Patient Comments: Total Knee Replacement - Candidate and Causes

What was the cause of you needing a total knee replacement?

Comment from: Diann, 55-64 Female (Patient) Published: October 27

I fell and broke the tibial plateau on my right knee Oct. 3 2011, while in the er the orthopedic doctor said, I'm not concerned about the break but your knee is so arthritic that knee replacement is necessary, so after laying in the hospital bed for 2 days and given my options of letting the break heal for 3 months I would still need the replacement, so I opted to have the replacement done as it would take care of the break. I had the surgery done Oct 6, 2011 and was sent home 3 days after surgery. The pain was horrible; the knee was so swollen and tight that I almost regretted having it done. I am now 3 weeks post-op and have physical therapy 3x a week and I am just starting to bend my knee while in a sitting position. The inside joint of the knee hurts when I bend it, it almost feels like the bone is rubbing against something or like a rubber band stretched out and not wanting to loosen up. If it weren't for that I think I would be able to move it more. However, the x-rays and the dr. said that everything looks fine. No one knows their body better than themselves and I can't understand why they don't listen when you tell that you don't think something is right. They keep telling you exercise exercise get it to bend. Well that's easier said and done. But I am not going to give in, and push myself to get it to bend. Will I ever do this again? No, I think I would rather live with the arthritic pain in the knee before ever having to do this again. This is one of the hardest surgeries that I ever had to endure. Yet you talk to some people and they swear by it and tell you that it's a piece of cake. Maybe my situation is a little different because of the break and making it difficult as I have to heal 2 things at the same time. I am just wishing that I wake up and start walking normally again.

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Comment from: newkneenewme, 19-24 Female (Patient) Published: October 18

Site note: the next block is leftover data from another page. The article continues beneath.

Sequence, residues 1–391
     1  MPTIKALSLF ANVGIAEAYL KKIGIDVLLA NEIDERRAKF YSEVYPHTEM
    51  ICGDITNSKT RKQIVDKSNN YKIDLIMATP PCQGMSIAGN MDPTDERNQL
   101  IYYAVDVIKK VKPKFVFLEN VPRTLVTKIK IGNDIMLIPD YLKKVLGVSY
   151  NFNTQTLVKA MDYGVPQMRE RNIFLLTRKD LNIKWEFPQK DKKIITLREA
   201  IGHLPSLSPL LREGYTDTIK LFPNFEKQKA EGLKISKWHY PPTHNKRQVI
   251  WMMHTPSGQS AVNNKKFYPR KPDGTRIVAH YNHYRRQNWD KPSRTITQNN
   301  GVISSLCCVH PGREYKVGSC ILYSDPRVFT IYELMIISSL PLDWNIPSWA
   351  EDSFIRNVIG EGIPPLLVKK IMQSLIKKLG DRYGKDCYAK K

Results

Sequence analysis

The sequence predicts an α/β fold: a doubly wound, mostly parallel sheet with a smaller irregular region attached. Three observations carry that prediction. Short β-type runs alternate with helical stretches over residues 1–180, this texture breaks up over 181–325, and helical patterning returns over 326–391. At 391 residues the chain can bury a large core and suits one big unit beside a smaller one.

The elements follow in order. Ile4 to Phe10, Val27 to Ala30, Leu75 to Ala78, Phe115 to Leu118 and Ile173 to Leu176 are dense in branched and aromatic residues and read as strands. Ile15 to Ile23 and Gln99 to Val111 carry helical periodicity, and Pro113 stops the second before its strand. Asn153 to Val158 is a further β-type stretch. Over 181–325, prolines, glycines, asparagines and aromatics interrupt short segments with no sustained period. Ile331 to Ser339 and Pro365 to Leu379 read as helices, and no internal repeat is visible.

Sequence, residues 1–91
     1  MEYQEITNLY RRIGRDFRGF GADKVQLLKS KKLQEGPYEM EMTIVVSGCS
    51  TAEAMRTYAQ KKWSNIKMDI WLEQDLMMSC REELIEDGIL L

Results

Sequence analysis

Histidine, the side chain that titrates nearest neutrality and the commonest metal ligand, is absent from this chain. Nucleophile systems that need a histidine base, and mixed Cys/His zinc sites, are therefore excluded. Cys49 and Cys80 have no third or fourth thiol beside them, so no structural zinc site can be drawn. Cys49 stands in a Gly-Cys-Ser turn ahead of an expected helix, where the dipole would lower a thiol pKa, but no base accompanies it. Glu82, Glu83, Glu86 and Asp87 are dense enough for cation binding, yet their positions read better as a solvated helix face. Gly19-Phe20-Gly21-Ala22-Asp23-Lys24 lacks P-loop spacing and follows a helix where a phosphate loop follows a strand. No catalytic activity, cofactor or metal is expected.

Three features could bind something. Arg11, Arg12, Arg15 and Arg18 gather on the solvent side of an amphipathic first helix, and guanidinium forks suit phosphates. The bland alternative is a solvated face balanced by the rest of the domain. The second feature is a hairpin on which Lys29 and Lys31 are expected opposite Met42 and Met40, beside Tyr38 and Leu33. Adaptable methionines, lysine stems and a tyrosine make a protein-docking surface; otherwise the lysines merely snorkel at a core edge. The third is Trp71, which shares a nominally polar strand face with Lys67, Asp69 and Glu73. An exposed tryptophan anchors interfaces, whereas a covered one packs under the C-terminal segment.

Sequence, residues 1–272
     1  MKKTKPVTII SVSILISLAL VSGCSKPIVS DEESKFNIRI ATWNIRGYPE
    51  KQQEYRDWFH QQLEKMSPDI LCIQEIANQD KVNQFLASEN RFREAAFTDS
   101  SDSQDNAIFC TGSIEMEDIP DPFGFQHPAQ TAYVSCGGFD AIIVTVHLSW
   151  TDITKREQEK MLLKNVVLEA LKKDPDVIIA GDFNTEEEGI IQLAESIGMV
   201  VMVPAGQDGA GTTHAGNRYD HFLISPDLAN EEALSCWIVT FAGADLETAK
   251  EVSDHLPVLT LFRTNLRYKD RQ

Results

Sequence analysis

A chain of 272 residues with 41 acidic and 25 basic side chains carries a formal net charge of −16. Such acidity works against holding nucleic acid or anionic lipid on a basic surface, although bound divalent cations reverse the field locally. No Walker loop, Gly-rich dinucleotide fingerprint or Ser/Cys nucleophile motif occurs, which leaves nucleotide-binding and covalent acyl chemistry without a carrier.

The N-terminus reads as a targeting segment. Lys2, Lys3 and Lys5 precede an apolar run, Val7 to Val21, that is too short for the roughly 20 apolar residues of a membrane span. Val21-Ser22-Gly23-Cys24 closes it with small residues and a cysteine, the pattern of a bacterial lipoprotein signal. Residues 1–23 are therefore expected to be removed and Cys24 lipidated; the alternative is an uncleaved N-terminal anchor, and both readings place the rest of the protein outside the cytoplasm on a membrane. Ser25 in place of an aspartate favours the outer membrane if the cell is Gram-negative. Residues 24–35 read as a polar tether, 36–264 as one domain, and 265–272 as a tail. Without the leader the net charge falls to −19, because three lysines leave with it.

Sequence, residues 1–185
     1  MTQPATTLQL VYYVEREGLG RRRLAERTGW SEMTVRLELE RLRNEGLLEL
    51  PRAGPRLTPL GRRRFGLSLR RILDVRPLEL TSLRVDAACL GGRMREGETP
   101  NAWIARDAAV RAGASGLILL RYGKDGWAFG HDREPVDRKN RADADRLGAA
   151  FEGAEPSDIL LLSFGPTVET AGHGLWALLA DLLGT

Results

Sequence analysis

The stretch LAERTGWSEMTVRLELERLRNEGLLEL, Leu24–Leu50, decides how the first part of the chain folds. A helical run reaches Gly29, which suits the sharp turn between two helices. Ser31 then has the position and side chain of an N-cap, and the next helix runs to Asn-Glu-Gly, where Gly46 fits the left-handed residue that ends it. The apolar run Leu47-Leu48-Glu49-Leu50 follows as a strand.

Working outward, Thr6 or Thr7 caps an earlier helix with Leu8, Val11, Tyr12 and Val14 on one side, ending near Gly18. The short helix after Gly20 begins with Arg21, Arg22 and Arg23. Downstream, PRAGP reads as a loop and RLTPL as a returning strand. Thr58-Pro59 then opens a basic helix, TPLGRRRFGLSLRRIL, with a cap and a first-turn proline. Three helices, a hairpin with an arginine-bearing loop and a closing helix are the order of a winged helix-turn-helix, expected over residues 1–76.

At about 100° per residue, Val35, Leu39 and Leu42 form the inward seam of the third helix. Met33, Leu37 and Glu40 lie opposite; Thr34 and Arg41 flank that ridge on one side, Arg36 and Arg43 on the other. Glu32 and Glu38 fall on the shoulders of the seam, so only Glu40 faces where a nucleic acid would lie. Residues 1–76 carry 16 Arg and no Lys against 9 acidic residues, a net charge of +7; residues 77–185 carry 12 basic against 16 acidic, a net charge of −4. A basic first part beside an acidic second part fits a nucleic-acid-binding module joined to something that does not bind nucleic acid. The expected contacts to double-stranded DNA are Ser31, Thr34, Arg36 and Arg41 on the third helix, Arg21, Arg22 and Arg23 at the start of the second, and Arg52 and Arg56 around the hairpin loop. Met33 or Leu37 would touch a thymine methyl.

I am 24, and I underwent a total knee replacement on my left knee just three weeks ago. Shocking, I know! However, I have had issues with my knee since I was a little girl. I suffered from a rotated tibia and dislocated patella. I underwent outpatient surgery in September of 2010 to try to correct the problem, but the patella continued tracking outward. After six months of physical therapy, I was not receiving the full range of motion that I wanted. However, I was able to build a lot of muscle in the leg. I, along with my orthopedic surgeon, decided after reviewing a CAT scan that the knee replacement was the best option for me. The surgery went fine; however, to correct the issue with my rotated tibia, two screws were placed to help with straightening it out. Because of that, I am wearing a full-length brace to provide extra support for my leg while the bone and tendons heal. However, I was up taking steps hours after surgery, and I walked 200 feet the second day and climbed stairs with ease. I was released from the hospital after three days. For two weeks, I walked with a single crutch; however, I am now able to walk without any extra assistance. Aside from wearing the brace and being limited in my range of motion, I already feel a stronger leg. And I have not let it stop me one bit. I can't wait until I am brace-free and able to continue enjoying my life, pain-free, with my new knee!

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Comment from: Tootser922, 75 or over Female (Patient) Published: October 10

I had my right knee totally replaced in 2003. Everything went well and the knee has not given me a problem. It is now 2011, and I've just had my left knee totally replaced. Both surgeries went well. After four days in the hospital, I went to a rehab center for 14 days. Physical therapy was very rigorous, and that, my friends, is the answer. I walked out of rehab with NO walker and NO cane! I am currently going to physical therapy three times a week for the rest of this month. I can only say my physician is the greatest. He did both knees. All is well, and I'll be dancing at my granddaughter's wedding in November! Everyone thinks it's a miracle. No. It's hard work to get the knee to bend. And you MUST have the right surgeon!

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Comment from: FAY, 55-64 Female (Patient) Published: April 20

At the age of 58 I had a TKR in my right knee. As a teenager I played A grade hockey and pushed myself physically with tennis as well. Played hockey till my late 30's. Stopped playing tennis in my 40's when I could no longer hold the racket because of arthritis in my hands. Continued to work in a physical demanding job, whilst suffering severely from osteoarthritis. I had a couple of falls on my knees onto hard surfaces. My doctor gave me 2 cortisone injections into my knee. The pain was minimal for a while. Changed doctors and he ordered an x-ray! My knee was beyond repair and the pain very severe. My only option was a TKR. No more pain in that knee. However, I did not get the required bend to walk down stairs properly. Cannot ride a bike. I am not allowed to put any body weight on my knee as it is only cemented in, due to my small bone structure! All is good and can still walk well and for long distances and garden. NO MORE PAIN.

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Comment from: Just sad, 45-54 Female (Patient) Published: October 15

I'm 48 and had a TKR (total knee replacement) on my right knee, about 6 weeks ago on 20th August, 2013. I didn't have an option; I tried everything else and still could not walk without severe pain.

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